By Erin Smith
ELIZABETHTOWN – David Benford, with the North Carolina Energy Forum, met local government representatives in an informal luncheon meeting on Monday at Giorgios Restaurant to discuss off-shore drilling.
Benford told those gathered that the federal government and state officials are mulling the possibility of performing a seismic survey off the coast of North Carolina in preparation for the possibility of drilling for oil and natural gas deposits off the Outer Banks.
Benford said Gov. Pat McCrory is supportive of studying the possibility of drilling off the coast of North Carolina.
Benford said the first step in the process is to complete a seismic study to determine if there are enough gas and oil deposits to justify the expense of drilling. The last seismic survey was performed more than 30 years ago, according to Benford. He added at the time the original survey was performed the technology was rudimentary in comparison to today’s technology.
Benford explained a seismic survey involves the use of sound waves to explore the sea floor. The area proposed for the study is located about 50 miles offshore.
Bladen County Commissioner Chairman Charles Ray Peterson asked Benford who would be responsible for paying for a seismic survey if one is performed.
Benford explained that there are private companies that perform the seismic survey at their own expense in the hopes of being able to sell the resulting data gathered to oil companies.
“This hasn’t been done in over 30 years. The technology is much better,” said Benford.
When asked what the original survey showed, Benford said it showed deposits off the Outer Banks.
Benford said both the Obama administration and governors in North Carolina, South Carolina and Virginia are in favor of it. He added that President Barack Obama’s administration is not in favor of any revenue sharing. Benford said the states will not support the exploration project if there is no revenue sharing.
Benford explained that revenue sharing includes sharing a percentage of the royalties paid by the oil companies to the federal government. He said President Obama is opposed to any revenue sharing.
He told the group that environmental groups are opposed to the idea of seismic surveys claiming that it disorients and harms marine life. Benford said that seismic survey does no such thing.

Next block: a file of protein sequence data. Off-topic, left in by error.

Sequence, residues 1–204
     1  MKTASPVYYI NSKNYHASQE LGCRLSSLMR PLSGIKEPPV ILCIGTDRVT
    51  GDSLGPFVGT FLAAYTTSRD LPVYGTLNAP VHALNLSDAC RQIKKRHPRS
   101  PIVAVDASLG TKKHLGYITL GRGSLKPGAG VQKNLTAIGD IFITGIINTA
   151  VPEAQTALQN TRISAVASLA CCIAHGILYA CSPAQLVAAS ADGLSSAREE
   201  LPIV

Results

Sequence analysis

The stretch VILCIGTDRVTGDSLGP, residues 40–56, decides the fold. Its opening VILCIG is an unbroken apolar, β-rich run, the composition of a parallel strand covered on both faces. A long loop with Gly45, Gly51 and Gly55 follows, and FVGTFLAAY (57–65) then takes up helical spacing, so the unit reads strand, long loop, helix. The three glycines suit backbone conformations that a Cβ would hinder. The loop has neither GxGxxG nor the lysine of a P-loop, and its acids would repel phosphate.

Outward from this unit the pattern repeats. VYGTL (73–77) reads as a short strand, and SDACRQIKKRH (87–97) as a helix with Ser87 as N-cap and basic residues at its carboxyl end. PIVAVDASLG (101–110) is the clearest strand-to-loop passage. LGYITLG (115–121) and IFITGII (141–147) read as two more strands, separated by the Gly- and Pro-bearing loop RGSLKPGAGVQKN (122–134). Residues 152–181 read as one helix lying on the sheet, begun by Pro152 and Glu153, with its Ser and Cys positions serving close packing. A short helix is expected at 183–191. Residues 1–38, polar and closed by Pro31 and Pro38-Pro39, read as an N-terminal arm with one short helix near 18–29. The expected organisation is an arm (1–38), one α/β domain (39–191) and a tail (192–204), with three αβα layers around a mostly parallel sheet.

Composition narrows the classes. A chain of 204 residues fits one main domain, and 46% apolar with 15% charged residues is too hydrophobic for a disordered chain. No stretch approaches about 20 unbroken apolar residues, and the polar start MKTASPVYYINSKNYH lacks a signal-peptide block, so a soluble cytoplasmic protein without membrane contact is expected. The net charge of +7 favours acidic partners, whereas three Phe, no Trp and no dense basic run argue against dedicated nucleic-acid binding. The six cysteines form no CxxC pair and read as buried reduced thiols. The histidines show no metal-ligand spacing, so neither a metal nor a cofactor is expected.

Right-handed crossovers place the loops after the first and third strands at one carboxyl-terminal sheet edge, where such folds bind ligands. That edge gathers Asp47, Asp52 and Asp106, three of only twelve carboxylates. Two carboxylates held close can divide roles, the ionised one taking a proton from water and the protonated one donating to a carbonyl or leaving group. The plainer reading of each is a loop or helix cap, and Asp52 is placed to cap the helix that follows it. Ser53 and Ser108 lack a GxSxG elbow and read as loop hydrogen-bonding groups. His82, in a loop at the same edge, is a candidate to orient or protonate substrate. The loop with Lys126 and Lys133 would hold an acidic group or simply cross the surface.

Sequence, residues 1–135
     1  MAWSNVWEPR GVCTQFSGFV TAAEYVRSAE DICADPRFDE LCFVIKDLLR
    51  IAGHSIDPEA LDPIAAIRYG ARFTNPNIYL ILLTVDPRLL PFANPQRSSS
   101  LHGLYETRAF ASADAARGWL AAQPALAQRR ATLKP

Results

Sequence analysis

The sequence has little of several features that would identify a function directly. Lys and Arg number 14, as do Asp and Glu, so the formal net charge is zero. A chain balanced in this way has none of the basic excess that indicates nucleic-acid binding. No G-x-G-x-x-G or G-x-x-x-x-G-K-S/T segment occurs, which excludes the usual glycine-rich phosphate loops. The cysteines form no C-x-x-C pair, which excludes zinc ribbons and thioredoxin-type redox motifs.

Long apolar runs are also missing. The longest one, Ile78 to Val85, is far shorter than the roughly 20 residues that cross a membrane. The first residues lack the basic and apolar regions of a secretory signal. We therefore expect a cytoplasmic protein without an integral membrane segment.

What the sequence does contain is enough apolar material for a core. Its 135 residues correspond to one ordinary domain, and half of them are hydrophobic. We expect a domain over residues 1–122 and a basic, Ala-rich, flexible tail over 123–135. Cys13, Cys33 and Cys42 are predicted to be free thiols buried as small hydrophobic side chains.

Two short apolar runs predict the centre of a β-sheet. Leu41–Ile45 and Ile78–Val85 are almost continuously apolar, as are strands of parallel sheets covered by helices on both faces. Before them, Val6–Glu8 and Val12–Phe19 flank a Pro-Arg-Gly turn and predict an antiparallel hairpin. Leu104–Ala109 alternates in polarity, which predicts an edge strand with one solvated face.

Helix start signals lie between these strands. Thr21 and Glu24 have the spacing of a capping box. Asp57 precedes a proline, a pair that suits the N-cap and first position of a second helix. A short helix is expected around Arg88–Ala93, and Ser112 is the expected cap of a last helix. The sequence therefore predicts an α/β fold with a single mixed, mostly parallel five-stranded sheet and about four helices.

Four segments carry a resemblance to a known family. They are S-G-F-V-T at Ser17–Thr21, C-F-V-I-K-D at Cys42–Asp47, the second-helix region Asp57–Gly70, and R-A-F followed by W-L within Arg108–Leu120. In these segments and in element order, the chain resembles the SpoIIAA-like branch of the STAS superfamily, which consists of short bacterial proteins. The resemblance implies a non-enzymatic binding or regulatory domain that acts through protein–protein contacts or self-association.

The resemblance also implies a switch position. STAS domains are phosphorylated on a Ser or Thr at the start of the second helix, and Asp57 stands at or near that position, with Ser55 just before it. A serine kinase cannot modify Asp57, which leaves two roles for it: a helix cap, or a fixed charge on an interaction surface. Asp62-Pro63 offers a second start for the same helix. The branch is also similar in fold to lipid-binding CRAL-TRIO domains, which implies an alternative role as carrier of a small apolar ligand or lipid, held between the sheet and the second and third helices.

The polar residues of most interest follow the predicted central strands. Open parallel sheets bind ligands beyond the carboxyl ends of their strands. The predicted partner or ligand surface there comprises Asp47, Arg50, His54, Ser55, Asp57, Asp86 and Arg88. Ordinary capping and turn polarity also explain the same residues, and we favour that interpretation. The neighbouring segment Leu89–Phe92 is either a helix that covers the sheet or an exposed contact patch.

“They have been quite effective,” said Benford.
He also told those gathered that only two counties in the state have adopted resolutions in support of offshore oil exploration. They are Carteret and Brunswick counties.
Benford also noted that numerous tourism boards are opposed to the project as well.
He also said that offshore drilling could potentially create 20,000 to 35,000 jobs in North Carolina.
White Lake Town Clerk Brenda Clark asked about whether or not any oil refineries would be built as a result of the drilling efforts, Benford replied that citizens do not want processing plants on the coast. He said that instead the oil would most likely be loaded onto ships and transported to existing refineries in Texas and Louisiana.
Benford said that to combat negative media and negative advertising by environmental groups that are opposed to offshore drilling, Benford said he is meeting with local officials to explain what the study actually entails.
When asked what would happen once the seismic study is completed, Benford said the permitting process for offshore drilling is lengthy and it could potentially be 12 or 13 years before any actual drilling could begin.
“I don’t have a problem with the survey at this point,” said Peterson.
Benford said the North Carolina Energy Forum is not opposed to alternative forms of energy, either.
For more information on the North Carolina Energy Forum visit www.NCEnergyForum.com.
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